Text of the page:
Thomas Monroe Campbell was a trailblazer of the Cooperative Extension Service, and we honor his achievements during Black History Month 2023.
A Georgia native, Campbell (1883-1956) was a Cooperative Extension pioneer who worked more than 50 years serving African American farmers in the South. Following his 1906 graduation from Tuskegee Institute in Alabama, Campbell was hired by Seaman Knapp, then a special agent with USDA. After the passage of the Smith-Lever Act in 1914, Campbell was officially considered the first Extension Agent hired into the Cooperative Extension System.
Campbell, who was a protégé of George Washington Carver, brought modern agriculture methods to rural African American farmers in Alabama. He traveled the dirt roads of Macon and Wilcox counties, demonstrating improved methods of farming with Tuskegee's Movable School of Agriculture, also known as the Jesup Agricultural Wagon. The Jesup Wagon was stocked with farm equipment, seeds, fertilizer and other items to help Campbell conduct his farm demonstrations.
After several years of hard work, Campbell’s successes were recognized by USDA, and he was promoted to district agent for Alabama, supervising the Extension agents based at Tuskegee. As part of this role, he was tasked with visiting other Southern states to provide advice and assistance to other African American Extension agents. He also began conducting farmers' conferences and agricultural fairs. By 1914, Campbell had helped 11 Southern states appoint African American farm and home demonstration agents.
During World War I and the Jim Crow era in the South, Campbell overcame adversity as he supported the war effort by encouraging food production, assisting local recruiting offices, raising funds for the Red Cross, locating horses and mules for the army, and securing farm labor. He also organized "Uncle Sam's Saturday Service League," which encouraged African American farmers and laborers to work an extra half or whole day on Saturday during the war.
In 1919, USDA appointed Campbell as a field agent supervising African American Extension professionals in Alabama, Georgia, Florida, Louisiana, Mississippi, Oklahoma and Texas. At that time, the number of African American Extension agents in the South had increased to 459.
While he received multiple offers of administrative positions at Historically Black Colleges and Universities, Campbell chose to continue his work with the Extension Service. The Great Depression was devastating to African American farmers, and Campbell sought help from New Deal legislation and became involved in relief work.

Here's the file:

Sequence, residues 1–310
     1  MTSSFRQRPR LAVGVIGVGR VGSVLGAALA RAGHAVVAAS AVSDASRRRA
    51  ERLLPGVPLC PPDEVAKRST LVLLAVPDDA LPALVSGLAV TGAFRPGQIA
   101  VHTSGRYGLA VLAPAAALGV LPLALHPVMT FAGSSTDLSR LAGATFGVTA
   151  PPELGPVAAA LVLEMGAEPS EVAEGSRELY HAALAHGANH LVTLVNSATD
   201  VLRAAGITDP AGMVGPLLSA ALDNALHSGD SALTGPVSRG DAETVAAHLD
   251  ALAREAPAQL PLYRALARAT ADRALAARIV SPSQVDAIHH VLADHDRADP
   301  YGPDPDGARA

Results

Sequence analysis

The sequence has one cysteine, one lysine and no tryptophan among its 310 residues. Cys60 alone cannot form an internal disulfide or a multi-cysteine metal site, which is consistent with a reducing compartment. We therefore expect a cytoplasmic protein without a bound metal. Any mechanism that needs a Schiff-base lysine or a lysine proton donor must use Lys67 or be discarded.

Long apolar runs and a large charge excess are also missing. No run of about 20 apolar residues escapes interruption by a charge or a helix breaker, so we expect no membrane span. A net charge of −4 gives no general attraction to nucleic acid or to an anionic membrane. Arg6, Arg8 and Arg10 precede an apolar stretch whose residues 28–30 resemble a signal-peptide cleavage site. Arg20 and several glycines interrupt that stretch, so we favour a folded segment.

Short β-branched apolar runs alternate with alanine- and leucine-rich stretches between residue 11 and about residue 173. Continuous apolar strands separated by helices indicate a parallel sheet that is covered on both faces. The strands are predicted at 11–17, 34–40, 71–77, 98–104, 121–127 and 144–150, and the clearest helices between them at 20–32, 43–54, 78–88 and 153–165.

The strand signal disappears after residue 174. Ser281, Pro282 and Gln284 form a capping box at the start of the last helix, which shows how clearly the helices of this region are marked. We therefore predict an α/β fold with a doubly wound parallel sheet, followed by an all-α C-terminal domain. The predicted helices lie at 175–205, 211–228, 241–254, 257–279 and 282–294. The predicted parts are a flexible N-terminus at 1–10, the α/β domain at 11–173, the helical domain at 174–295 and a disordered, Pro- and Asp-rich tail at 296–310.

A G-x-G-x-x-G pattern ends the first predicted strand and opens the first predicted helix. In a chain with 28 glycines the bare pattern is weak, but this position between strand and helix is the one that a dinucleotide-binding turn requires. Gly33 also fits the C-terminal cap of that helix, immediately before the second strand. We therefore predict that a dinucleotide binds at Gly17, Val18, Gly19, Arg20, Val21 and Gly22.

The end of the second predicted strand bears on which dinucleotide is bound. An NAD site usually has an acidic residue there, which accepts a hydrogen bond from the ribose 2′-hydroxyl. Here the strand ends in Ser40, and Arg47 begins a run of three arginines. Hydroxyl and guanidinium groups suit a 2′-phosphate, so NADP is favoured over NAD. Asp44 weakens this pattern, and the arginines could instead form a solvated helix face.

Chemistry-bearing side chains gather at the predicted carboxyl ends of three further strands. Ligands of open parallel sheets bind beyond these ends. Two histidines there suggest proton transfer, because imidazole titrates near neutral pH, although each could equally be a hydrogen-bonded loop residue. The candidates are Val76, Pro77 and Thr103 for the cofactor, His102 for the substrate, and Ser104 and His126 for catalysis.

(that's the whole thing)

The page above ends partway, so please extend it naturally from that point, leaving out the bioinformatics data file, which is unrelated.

During the 1930s, he also broadcast a radio program aimed at African American farmers that featured Extension news and ideas.
Campbell received the first Harmon Award presented for distinguished service in the field of farming and rural life. Tuskegee Institute honored him in 1936 with an honorary Master of Science degree. Campbell was elected to the Eugene Field Society, a national association of authors and journalists, in recognition of his book “The Movable School Goes to the Negro Farmer” as well as his other writing.
Just as he had during World War I, Campbell gave considerable time to the war effort during World War II. Even as he continued his official duties, he was active in war bond drives and served on the USDA's National Advisory Committee for Community Service Projects. Supporting the war effort was more than that of a patriotic American, it was also the work of a loving father whose son was a Tuskegee Airman serving in the Army Air Corps.
At the first USDA Honors Awards Ceremony in 1947, Agriculture Secretary Clinton Anderson presented Campbell with a Superior Service Award. Campbell retired from USDA in 1953 after 47 years of service. Thanks to Campbell’s years of hard work and commitment to supporting the needs of African American farmers, there were more than 850 African American Extension professionals when he left government service.
Nominated by the Alabama Cooperative Extension System in recognition of his impact on Cooperative Extension as a whole and on African American farmers and young people in the state, he was inducted into the National 4-H Hall of Fame in 2002.
Learn more about Campbell.